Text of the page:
A New Design For InternMatch Humanizes Internship Search

There are a number of websites out there that allow you to search for and discover internships. Internships.com, which Charlie Sheen recently used to hire a social media intern, is probably the biggest and most well known of the bunch. But, as anyone who’s used these sites knows, the experience is far from perfect. And the same can be said of job search sites like Indeed.

InternMatch is entering the internship search and discovery market by focusing on small-to-medium-sized businesses and by building a tool that’s easy to use with an eye-catching design. And I think it’s fair to say that a big part of making user experience enjoyable (and simple) is derived not only from the smooth application of the technology that underlies a particular service, but perhaps more importantly, from how its designed.

500 Startups Founder Dave McClure has spoken on many occasions about the importance of good design and yesterday the audacious VC put his money where his mouth is and announced the d.fund, a seed fund dedicated to helping designers start their own businesses. What’s more, just ask Jack Dorsey what he thinks about design.

Yesterday at 500 Startups second demo day, InternMatch launched a site redesign that looks fantastic, and Founder and CEO Andrew Maguire told me that the motivation behind the relaunch has largely been to prioritize ease of use. I’ve had my share of internships and have spent plenty of time on internship sites, and from my experience, search tools and results are generally clunky and ugly, and algorithms are imprecise. Some even take on the feeling of servant farms.

But, in surfing InternMatch’s new website, I found the UI to be smooth and natural, and it also seems as if the startup is ideologically committed to helping both sides of the equation — interns and their prospective employers. Which will be good for business.

InternMatch is attempting to remove some of the barriers to an enjoyable user experience by providing resume and cover letter preparation and templates for free, and by allowing students to search and apply without having to register or sign up.

At this point, InternMatch has limited its offerings to the West Coast, because it wants to jump on the “local” bandwagon. They have seeded college and university campuses up and down the coast with evangelists, who are working to build relationships with departments, professors, student clubs, and the students themselves. These evangelists are InternMatch interns, and the startup provides its interns with marketing training, and helps them build comfort with public speaking, and to plan and launch events.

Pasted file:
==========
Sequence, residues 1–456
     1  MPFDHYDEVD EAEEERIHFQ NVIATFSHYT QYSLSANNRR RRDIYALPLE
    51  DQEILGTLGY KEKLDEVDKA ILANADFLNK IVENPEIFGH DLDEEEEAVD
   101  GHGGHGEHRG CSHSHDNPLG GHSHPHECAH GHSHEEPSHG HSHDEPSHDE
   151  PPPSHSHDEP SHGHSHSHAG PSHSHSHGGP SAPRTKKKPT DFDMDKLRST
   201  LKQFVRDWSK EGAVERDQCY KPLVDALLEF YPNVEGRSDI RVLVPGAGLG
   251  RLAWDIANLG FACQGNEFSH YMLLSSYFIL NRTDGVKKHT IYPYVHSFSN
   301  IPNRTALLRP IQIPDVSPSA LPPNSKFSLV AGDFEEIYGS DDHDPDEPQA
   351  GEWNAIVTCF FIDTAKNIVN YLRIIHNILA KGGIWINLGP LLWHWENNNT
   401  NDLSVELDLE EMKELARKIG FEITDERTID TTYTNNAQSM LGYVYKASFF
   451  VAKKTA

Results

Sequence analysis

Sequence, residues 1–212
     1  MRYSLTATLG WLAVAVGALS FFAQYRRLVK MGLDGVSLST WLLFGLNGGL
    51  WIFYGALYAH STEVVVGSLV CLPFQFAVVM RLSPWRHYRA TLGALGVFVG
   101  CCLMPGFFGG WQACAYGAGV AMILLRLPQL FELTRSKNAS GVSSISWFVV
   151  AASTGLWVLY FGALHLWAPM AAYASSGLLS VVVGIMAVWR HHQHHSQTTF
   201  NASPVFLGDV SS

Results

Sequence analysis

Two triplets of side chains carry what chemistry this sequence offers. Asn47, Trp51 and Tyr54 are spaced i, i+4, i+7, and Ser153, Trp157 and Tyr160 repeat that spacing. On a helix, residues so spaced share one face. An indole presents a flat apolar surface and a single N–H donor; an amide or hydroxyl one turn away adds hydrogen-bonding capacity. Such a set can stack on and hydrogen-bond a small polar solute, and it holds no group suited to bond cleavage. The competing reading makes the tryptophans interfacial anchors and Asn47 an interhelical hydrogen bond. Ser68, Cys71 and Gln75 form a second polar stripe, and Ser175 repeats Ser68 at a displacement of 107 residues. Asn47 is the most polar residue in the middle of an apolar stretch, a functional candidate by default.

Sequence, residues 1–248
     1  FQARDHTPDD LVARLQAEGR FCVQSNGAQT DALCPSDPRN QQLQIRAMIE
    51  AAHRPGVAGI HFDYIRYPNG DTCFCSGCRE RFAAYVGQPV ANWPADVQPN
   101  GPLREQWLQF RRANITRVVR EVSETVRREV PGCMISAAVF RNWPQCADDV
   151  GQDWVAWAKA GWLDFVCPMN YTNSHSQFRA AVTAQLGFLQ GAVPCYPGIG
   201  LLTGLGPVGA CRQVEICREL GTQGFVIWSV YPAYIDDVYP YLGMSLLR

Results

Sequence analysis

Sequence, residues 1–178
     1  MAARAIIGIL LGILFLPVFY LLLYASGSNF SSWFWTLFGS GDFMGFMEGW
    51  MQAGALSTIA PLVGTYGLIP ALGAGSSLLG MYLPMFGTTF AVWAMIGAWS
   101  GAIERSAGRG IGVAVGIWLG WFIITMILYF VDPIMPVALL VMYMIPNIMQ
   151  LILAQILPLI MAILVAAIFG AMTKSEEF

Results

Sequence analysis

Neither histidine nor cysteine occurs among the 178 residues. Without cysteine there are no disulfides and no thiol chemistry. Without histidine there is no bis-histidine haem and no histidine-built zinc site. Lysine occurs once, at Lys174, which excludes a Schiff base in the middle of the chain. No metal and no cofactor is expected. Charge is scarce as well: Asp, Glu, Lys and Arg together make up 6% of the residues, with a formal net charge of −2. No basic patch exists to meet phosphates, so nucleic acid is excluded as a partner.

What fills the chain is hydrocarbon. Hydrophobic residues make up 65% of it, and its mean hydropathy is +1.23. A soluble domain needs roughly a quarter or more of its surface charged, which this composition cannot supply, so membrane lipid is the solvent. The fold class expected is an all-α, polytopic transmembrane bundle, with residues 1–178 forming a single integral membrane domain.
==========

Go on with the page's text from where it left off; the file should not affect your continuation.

For employers, InternMatch launched a Community Page yesterday, which aims to go beyond the traditional listing model by allowing SMBs to tell the story of what it’s like to work at their company. When choosing an internship, students want to see videos and photos of the people behind companies — they want to engage and ask questions.

The startup is attempting to do everything it can to humanize the internship search process for students and to allow employers to recruit students who really fit in with their business culture. And, as incentive to employers, if a company does decide to post a listing, InternMatch guarantees that the business will find an intern within 60 days, or it will receive a full refund.

Back in February, InternMatch raised $400K in funding from a bunch of angel investors, including Dave McClure, Mitch Kapor, Kenny Van Zant, and Raj Agarwal. The startup is currently using the funding to expand the team and increase West Coast traction. As to how InternMatch monetize beyond its angel funding? The business model may actually present one drawback and barrier to entry for its target employer base. The startup charges West Coast employers $99 to post a listing on the site. (And its Community Page is an enterprise level subscription offering, with pricing dependent on the size of the company.)

The $99 price tag is high compared to similar services. Internship.com offers free listings, and another cool internship site we wrote about last August, Urban Interns, charges $40, for example.

However, everything remains free to students on InternMatch, and Maguire told me that the startup is working to create exposure and resources for programs like Work Study, which can help reimburse employers who recruit interns with financial aid packages.

He also said, in relation to the great paid/unpaid internship debate over the last five years, that the startup will work with all prospective employers to advocate paid internships, especially those that are likely to turn into full-time jobs. Music to an intern’s ears, to be sure. After all, interns who believe that there is potential for upward mobility within their company are much more inclined to work harder and contribute more.

InternMatch has the design. Now it just needs the good internships.